Lactose Intolerance Essay

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Lactose intolerance, also known as milk intolerance, is the inability to fully digest the sugar, lactose, in milk. There are more than three million cases in the U.S. per year. As a result, they have diarrhea, gas and bloating after eating or drinking dairy products. A deficiency of lactase, an enzyme produced in your small intestine, is usually responsible for lactose intolerance. Many people claim to be lactose intolerant. That select amount of people, who have not been diagnosed with lactose intolerance, have low levels of lactase but are still able to digest milk products with low to no problems at all. Those people do not have a lactase deficiency. If a patient is actually lactose intolerant, their lactase deficiency leads to symptoms after you eat dairy foods (Lactose Intolerance). Lactose intolerance is usually harmless, but its symptoms can be uncomfortable. There are many signs and symptoms to lactose intolerance. Common signs and symptoms include…show more content…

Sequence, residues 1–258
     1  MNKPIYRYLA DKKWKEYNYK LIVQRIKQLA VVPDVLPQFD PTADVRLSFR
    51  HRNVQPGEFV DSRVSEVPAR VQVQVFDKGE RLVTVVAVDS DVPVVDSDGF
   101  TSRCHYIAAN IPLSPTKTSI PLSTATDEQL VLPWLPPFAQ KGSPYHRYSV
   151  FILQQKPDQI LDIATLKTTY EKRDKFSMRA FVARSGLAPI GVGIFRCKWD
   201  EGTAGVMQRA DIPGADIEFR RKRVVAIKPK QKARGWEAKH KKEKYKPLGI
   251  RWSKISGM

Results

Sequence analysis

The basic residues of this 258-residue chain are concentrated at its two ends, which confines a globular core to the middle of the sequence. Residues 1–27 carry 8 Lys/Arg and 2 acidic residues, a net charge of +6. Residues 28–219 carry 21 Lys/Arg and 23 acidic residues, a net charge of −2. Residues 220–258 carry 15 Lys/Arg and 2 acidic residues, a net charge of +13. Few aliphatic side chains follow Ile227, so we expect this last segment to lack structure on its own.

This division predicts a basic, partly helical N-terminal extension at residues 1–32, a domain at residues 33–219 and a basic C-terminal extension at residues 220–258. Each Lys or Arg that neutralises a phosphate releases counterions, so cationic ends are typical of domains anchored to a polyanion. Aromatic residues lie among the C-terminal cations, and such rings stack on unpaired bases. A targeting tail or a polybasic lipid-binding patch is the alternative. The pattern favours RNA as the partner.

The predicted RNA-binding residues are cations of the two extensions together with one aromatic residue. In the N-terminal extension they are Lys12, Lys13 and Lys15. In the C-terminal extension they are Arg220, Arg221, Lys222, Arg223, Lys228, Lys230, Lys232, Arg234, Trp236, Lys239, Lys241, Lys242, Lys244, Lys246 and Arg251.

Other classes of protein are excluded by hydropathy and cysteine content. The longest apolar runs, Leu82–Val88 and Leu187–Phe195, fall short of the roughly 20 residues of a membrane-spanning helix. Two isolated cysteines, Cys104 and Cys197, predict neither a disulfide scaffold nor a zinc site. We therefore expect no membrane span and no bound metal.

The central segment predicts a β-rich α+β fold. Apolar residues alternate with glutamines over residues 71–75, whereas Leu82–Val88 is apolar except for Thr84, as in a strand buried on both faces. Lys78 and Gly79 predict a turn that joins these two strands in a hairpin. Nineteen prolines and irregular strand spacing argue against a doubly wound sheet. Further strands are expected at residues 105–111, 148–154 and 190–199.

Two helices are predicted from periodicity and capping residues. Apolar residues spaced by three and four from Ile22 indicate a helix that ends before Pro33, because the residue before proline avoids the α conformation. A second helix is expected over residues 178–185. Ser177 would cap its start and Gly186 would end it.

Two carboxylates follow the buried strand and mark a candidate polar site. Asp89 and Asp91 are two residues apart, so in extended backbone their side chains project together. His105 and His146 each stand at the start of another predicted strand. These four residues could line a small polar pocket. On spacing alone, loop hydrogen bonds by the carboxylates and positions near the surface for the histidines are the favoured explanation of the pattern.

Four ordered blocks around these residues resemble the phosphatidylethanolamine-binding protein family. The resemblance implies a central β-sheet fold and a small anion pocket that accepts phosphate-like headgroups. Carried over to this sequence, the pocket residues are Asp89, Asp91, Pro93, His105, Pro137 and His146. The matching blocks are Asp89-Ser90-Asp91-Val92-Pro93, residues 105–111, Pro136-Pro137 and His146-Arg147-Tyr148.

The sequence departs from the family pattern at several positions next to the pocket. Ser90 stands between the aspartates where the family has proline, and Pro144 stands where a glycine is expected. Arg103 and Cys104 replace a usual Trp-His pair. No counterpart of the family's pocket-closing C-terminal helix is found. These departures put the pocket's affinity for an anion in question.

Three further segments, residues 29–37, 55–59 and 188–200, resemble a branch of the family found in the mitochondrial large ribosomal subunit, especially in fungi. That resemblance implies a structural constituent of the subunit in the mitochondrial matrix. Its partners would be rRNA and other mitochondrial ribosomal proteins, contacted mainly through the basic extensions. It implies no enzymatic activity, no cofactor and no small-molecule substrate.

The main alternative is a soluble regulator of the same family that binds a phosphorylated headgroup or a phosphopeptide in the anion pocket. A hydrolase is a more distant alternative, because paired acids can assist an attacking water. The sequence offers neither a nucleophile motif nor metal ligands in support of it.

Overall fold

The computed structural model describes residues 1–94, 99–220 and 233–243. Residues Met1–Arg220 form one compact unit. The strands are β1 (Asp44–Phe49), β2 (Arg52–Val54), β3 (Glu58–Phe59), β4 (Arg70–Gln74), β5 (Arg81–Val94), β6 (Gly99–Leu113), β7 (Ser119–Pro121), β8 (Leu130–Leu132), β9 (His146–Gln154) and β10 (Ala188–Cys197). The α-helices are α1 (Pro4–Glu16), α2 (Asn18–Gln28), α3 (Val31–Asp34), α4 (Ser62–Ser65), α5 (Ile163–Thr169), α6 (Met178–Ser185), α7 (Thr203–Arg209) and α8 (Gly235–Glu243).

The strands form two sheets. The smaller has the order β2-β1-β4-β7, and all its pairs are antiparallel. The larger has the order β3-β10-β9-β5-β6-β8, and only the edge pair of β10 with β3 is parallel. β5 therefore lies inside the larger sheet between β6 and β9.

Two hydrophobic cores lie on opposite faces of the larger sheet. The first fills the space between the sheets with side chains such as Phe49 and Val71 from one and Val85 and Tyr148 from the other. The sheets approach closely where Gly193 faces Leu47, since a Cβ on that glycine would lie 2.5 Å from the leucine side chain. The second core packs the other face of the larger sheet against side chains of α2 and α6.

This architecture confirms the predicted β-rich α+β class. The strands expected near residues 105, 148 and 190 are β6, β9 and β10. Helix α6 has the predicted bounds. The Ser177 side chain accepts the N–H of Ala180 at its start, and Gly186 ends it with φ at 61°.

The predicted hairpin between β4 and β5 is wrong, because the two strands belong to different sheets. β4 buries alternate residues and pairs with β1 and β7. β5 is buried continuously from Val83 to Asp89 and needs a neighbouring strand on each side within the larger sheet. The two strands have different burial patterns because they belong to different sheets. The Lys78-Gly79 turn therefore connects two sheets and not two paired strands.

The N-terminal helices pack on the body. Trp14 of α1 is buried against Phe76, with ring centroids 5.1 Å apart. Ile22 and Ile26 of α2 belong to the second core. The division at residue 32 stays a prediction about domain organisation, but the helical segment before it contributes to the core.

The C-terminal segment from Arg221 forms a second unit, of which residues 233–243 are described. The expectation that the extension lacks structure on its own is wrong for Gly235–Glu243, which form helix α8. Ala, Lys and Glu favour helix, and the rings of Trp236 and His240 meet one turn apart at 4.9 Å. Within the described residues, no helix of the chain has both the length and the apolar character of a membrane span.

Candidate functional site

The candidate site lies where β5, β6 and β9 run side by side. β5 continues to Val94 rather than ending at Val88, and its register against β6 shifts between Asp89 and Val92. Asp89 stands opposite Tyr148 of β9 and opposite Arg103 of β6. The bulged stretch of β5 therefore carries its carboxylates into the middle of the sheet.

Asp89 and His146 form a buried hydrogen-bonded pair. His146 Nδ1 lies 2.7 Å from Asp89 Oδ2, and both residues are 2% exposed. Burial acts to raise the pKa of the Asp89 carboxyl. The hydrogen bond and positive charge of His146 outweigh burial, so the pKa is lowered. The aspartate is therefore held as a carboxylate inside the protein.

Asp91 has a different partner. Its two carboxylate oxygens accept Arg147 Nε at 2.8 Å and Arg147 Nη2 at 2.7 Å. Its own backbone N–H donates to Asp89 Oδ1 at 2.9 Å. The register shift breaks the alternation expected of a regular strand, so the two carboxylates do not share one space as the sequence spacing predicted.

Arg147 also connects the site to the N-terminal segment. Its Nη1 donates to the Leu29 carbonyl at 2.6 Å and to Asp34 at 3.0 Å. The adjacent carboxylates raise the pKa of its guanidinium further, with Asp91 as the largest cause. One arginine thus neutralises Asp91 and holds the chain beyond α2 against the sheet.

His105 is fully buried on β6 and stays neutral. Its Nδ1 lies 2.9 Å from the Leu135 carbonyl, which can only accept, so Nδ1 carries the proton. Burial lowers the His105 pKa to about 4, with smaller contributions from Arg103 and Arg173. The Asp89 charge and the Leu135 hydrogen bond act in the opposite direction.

For lactose to be absorbed, it must first be split into two simple sugars, glucose and galactose. The glucose and galactose are then absorbed by the cells lining the small intestine. Lactose intolerance is caused by reduced or absent activity of lactase that prevents the splitting of lactose (Marks).
The breakdown of milk into its component building blocks allows it to be readily absorbed into our blood streams so its calories from sugars, lactose, proteins, casein, fats, vitamins, and minerals can be used efficiently. Our bodies do not work as hard to digest milk if they were to digest other foods. If a person is not lactose intolerant, their body should handle the consumption of dairy just fine. However, if a person lacks the lactase enzyme, or has a small amount of it, it becomes harder to break down lactose into more easily absorbable sugars, glucose and galactose

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